Resist the urge to stir your rice. It seems to go against the instinct of a cook to do so. Once you’ve distributed the rice into your skillet, let it be. As the cooking time progresses, the liquid in the pan will be absorbed by the rice or evaporated. As this happens the rice in contact with the bottom of the skillet will brown and crisp. Be sure to listen for the telltale crackling sound from the bottom of your skillet that means this process is in play. But stay close. That bottom layer of rice can go from perfectly browned to burnt in an instant.


3. Rest

Cover and rest your paella once it has finished cooking. This will ensure that the rice has absorbed all traces of moisture left in the pan. No one likes a liquidy paella. Newspapers are the traditional covering in Spain. You can simply cover your pan with whatever lid you have available. 


Now You Know! Go Cook Paella

Paella is a simple dish and easy enough on a weeknight.

Gather your community around the table today and give this recipe a try.

Want to book a Live, Virtual Paella Cooking Class for your group? Click here for more details on the class.

Buy Chef Sandra’s Paella seasoning here.






Fan the flames of community with the vibrant flavors and colors of this classic seafood paella. Community never tasted so good.

  • Author: Life At The Table
  • Prep Time: 20
  • Cook Time: 30
  • Total Time: 50 minutes
  • Yield: 6 Servings 1x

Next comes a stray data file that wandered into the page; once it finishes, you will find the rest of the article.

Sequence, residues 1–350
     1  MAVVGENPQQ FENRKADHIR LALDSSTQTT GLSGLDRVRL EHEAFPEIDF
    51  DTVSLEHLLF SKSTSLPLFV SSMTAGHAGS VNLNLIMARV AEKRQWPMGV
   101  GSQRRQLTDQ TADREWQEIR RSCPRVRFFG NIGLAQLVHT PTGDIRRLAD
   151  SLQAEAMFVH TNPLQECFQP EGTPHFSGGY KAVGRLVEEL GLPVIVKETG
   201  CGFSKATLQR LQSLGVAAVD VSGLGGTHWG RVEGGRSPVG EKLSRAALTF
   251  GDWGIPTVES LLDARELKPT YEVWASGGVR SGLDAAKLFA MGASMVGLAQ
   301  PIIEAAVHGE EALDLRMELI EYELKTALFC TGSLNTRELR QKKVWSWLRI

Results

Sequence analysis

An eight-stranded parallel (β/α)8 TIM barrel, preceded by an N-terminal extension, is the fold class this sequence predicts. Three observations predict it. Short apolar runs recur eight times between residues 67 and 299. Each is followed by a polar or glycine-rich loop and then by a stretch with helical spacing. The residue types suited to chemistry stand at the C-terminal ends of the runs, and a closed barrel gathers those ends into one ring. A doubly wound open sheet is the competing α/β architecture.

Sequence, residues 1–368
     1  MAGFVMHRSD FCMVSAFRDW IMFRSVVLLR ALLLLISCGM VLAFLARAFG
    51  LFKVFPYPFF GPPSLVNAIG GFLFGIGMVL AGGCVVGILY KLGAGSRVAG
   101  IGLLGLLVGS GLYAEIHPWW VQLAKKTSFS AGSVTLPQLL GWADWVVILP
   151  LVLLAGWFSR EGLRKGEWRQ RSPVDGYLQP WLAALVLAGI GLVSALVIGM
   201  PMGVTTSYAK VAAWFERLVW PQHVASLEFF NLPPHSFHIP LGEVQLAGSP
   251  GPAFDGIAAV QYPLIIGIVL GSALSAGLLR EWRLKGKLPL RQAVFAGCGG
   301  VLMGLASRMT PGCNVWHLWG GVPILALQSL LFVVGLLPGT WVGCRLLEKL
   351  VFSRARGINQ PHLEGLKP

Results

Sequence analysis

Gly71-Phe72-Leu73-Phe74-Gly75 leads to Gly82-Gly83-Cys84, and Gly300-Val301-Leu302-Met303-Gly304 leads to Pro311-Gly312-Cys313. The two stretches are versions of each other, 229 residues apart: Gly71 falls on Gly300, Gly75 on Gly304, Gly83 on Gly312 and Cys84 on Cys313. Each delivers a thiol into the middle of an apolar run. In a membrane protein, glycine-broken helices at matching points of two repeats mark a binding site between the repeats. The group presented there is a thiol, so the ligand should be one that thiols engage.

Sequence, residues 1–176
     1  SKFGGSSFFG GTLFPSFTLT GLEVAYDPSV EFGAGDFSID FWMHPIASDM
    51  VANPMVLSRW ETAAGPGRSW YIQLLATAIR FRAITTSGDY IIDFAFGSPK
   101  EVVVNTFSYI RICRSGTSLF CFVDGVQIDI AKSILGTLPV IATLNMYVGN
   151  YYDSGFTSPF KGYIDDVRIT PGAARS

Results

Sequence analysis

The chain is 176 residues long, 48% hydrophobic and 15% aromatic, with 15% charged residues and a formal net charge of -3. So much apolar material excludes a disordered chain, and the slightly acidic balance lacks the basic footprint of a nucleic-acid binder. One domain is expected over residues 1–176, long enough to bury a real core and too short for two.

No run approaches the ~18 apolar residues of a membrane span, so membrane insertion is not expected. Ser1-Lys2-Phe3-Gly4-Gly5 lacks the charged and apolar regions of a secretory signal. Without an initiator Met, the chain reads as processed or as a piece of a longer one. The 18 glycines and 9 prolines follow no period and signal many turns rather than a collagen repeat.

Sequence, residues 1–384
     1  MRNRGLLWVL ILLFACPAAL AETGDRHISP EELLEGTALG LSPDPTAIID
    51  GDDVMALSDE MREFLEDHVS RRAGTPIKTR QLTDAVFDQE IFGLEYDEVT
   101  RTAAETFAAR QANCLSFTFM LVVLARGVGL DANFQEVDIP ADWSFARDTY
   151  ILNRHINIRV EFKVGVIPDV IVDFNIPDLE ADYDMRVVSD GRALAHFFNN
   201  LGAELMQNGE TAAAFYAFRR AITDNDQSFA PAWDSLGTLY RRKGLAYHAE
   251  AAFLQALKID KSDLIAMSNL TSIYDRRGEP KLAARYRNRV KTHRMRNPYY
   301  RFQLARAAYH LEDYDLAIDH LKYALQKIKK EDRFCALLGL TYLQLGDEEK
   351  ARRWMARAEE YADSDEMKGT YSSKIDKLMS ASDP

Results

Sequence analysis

• Cuisine: Spanish
  • Diet: Gluten Free


  • 1/2 yellow onion, diced
  • 1 mini sweet bell pepper, diced (about 1/4 cup)
  • 1 Roma tomato
  • 1 tablespoon minced garlic
  • 1 cup Arborio rice
  • 2 3/4 cups vegetable stock
  • 4 oz shrimp, peeled, deveined, tails on
  • 4 oz fresh mussels
  • 2 tablespoons paella spice
  • olive oil
  • kosher salt


  • 1 lemon, sliced into wedges
  • fresh parsley, chopped


  1. Heat a 10-inch paella pan on medium-high heat.
  2. When the pan is hot add the olive oil and swirl to coat the bottom of the pan. Reduce the heat to medium.
  3. Add the onions, bell pepper, and tomato.
  4. Sauté until the onion begins to turn translucent and softens.
  5. Add the garlic and sauté 30 seconds or so, until fragrant.
  6. Add the spice mixture and sauté an additional minute or so.
  7. Reduce the heat to low.
  8. Using the back of a wooden spoon or other utensil, evenly distribute the onion and spice mixture in the pan.
  9. Layer the rice evenly on top of the onion and spice mixture.